• Inside of the test/.split folder in the root of the ClamAV project are multiple interesting files to seed with. Being antivirus though, we have a lot of files we can use to seed just lying around as well.

Getting and compiling ClamAV

ClamAV is simple to download, compile, and instrument.

# git clone

# cd clamav-devel && git checkout 0.99

# CC=afl-clang-fast CXX=afl-clang-fast++ LDFLAGS="-static" ./configure

# make

Once compiled, we can create and build our target binary we want to fuzz. The clamscan utility shipped with ClamAV is far too heavy for us to use to fuzz with, we need a lighter-weight binary that we can make work with persistent mode.

The target binary

Using the ex1.c example file, I was able to pare down a very small C file to fuzz with (also using persistent mode).

#include <stdio.h>

#include <stdlib.h>

#include <unistd.h>

#include <string.h>

#include <clamav.h>

int main(int argc, char *argv[]) {


  struct cl_engine *engine = cl_engine_new();


  const char *virusName = NULL;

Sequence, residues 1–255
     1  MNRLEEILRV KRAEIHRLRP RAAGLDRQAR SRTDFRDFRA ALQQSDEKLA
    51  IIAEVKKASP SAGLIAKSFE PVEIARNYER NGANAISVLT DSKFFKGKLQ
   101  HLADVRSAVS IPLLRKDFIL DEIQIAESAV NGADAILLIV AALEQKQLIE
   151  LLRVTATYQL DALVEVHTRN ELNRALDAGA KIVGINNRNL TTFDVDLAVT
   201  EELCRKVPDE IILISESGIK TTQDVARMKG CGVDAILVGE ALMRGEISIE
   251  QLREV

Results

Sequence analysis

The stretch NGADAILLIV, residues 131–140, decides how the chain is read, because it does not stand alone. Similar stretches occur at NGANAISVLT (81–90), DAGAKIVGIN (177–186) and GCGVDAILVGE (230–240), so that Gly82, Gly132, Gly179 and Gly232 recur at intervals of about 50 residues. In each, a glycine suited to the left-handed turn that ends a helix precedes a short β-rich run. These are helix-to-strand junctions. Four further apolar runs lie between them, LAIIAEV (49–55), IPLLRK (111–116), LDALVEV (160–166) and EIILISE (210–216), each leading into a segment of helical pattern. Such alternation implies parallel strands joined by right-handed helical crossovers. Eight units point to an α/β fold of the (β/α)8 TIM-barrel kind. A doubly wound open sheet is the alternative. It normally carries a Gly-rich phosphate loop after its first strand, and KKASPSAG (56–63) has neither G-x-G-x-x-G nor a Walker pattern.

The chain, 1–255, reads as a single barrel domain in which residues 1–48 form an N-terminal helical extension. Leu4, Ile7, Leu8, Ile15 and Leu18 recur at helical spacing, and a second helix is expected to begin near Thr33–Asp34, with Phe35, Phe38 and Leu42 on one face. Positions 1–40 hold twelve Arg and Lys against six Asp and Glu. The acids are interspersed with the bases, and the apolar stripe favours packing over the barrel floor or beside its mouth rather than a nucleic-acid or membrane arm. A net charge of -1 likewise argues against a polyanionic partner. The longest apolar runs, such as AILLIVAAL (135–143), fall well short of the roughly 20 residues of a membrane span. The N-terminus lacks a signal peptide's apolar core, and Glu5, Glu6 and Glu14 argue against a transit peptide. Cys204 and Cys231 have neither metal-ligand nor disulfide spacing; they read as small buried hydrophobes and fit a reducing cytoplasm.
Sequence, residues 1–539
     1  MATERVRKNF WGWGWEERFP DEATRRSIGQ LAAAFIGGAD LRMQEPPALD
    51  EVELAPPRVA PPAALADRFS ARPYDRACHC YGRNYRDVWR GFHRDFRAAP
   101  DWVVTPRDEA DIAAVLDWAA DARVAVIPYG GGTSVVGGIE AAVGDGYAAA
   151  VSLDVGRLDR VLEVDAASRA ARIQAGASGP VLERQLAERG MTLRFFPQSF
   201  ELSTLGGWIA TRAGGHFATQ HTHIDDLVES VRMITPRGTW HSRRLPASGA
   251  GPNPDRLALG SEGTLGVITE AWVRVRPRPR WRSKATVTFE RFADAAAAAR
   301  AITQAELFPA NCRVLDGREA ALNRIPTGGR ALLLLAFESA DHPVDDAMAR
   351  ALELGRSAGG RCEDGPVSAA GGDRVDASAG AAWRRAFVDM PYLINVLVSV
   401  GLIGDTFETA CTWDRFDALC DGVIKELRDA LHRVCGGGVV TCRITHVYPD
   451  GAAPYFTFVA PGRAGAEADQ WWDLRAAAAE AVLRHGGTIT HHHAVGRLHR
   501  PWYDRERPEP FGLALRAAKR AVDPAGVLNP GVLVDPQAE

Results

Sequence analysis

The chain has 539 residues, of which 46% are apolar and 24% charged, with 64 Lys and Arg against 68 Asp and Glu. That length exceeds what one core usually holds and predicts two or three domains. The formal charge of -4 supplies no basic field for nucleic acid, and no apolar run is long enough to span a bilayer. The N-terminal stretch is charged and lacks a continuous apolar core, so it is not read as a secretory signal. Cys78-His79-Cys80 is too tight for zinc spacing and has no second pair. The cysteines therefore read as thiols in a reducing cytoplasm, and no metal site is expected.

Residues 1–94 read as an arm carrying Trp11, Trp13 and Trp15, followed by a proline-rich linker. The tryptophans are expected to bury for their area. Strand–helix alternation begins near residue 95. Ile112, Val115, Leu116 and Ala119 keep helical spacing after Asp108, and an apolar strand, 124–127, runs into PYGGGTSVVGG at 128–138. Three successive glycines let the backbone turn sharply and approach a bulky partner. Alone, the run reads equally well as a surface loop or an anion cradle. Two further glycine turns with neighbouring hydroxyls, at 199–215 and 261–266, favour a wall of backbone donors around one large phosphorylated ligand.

long unsigned int scanned = 0;

  while (__AFL_LOOP(1000))

    cl_scanfile(argv[1], &virusName, &scanned, engine, CL_SCAN_STDOPT);



I removed any code related to loading the antivirus definitions, as this is what causes a vast majority of the scan time when using clamscan utility shipped with ClamAV. We aren’t fuzzing anything related to running virus definitions against our file, so this can be safely ignored.

One thing to note, ClamAV requires a rewindable file stream, so we can’t pass stdin directly to ClamAV in any way and have the data scanned, so we must pass a file name to be read and scanned. This is unfortunate and it introduces a bottleneck at the hard drive when reading new test cases. Other than that, this binary is quite speedy relative to the clamscan utility shipped. We will be able to make a couple more optimizations to eek out a bit more speed, though.